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Ghostbread (2009)

by Sonja Livingston(Favorite Author)
4.03 of 5 Votes: 1
0820333980 (ISBN13: 9780820333984)
University of Georgia Press
review 1: This memoir about growing up dirt poor in western New York is a haunting, beautifully written testament to the resilience of the human spirit when love and caring shape the landscape. Born into a single mother's family of seven children, most of whom had different fathers, Livingston paints a picture of her mother's inability to control her own life while struggling to keep her brood of half-brothers and half-sisters together.In a series of good-humored, vignette-style chapters, Livingston tells of a remarkable childhood where homes were abandoned just steps ahead of the welfare authorities or eviction police, and where her mother's fierce commitment to her children provided them a semi-stable life. One of the profusion of homes they occupied was on an Indian reservation w... morehere the father of one of the children lived. There, a traditional Native American ceremony provided the title for the book.An irony in the story is the contrast between the mother's dedication to her children and her lack of commitment in her out-of-control personal life. That the author was able to fashion a successful, stable life for herself and write this forgiving, non-judgmental memoir tells us something about how adversity can produce strength.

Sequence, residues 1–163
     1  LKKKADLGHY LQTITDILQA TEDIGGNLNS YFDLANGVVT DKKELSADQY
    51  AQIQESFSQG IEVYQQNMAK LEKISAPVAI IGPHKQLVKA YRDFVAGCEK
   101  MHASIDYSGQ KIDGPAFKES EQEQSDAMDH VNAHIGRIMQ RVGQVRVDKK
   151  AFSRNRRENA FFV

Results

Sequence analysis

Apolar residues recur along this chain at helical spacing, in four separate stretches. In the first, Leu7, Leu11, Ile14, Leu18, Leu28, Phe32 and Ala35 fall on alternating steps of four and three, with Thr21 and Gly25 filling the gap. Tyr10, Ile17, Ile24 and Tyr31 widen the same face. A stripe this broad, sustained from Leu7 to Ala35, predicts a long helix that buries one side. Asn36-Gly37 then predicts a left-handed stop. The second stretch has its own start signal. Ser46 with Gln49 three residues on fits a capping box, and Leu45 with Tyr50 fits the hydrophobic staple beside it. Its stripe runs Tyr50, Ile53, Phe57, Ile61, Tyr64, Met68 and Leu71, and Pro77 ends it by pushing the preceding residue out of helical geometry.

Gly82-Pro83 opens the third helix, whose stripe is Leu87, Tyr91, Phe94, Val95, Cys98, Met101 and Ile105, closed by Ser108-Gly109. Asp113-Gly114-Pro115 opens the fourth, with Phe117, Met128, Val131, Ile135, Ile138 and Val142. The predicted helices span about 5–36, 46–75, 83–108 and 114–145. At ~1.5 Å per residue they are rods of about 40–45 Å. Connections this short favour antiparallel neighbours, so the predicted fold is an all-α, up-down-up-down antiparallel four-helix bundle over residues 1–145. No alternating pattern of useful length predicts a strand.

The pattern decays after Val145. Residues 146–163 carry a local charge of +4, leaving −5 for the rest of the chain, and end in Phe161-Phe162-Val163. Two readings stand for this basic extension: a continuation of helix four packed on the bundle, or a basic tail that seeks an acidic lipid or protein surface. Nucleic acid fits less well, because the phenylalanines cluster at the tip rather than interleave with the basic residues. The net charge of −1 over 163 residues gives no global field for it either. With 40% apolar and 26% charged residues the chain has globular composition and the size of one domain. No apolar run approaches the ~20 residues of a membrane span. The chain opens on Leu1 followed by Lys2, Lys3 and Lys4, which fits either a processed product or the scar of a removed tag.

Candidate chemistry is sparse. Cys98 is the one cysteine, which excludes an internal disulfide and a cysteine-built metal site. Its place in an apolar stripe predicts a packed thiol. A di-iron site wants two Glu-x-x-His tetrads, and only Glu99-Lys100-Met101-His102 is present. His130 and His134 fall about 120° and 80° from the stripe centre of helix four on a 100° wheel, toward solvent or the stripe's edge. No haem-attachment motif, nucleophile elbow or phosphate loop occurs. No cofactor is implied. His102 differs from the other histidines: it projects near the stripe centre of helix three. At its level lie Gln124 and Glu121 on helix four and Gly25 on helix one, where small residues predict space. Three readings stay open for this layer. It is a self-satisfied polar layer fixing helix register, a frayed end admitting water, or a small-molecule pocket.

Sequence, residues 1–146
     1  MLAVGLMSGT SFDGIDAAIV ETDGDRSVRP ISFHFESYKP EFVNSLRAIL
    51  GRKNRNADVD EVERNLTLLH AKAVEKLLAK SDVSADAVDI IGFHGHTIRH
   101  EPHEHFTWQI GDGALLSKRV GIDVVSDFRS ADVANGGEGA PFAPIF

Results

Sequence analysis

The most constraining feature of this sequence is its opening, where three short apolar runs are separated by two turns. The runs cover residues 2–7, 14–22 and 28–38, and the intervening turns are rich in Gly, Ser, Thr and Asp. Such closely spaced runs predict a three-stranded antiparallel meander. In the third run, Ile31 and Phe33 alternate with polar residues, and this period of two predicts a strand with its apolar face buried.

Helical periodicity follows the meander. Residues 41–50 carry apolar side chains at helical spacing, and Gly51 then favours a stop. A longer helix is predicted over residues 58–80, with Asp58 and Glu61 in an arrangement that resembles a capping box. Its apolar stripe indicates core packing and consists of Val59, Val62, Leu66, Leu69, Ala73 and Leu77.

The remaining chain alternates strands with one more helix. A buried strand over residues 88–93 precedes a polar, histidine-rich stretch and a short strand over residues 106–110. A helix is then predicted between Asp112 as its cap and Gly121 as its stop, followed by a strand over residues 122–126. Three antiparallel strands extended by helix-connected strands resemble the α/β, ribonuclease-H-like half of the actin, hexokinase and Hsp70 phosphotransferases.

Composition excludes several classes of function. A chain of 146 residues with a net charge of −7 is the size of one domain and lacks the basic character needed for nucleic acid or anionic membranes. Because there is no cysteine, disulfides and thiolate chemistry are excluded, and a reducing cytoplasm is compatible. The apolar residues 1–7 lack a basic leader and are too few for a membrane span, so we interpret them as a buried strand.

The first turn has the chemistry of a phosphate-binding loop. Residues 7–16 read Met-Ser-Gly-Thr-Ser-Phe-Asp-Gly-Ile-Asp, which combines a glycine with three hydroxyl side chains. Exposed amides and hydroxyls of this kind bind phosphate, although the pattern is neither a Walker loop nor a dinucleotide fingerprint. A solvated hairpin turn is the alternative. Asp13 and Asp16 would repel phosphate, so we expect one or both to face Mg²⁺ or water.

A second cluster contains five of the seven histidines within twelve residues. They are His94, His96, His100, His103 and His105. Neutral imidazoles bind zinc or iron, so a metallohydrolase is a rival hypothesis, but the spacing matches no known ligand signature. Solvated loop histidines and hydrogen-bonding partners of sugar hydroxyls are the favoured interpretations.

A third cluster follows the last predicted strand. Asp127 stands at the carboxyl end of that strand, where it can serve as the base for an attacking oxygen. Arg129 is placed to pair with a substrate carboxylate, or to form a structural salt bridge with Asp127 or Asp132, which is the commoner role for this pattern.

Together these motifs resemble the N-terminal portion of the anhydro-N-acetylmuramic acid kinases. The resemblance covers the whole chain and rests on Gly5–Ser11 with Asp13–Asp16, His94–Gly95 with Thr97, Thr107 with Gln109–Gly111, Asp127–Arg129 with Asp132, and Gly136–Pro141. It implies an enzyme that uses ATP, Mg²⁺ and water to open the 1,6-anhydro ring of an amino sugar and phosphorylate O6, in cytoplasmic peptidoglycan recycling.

review 2: This book slowly built into a powerful, lyrical story of surviving poverty. It's structures as a series of short lyrical vignettes (122 numbered "chapters"), which are like islands you hop to as you move forward. It's almost pointillist in its structure, which means that its power hits you when you stand back from it. This happened as I became more and more engaged with the writing, and later, with moments of reflection (rather than just lyrical memory-vignettes found early in the book). The story is beautifully written, and an important female coming-of-age, working class narrative. less
Reviews (see all)
Homeless in Rochester! Could really connect to plight working with Habitat For Humanity Families
Good book. Well-written memoir of the traveling life of a poor childhood. Not so memorable.
Memoir of a girl raised by a single mother, their poverty and problems.
October 2011
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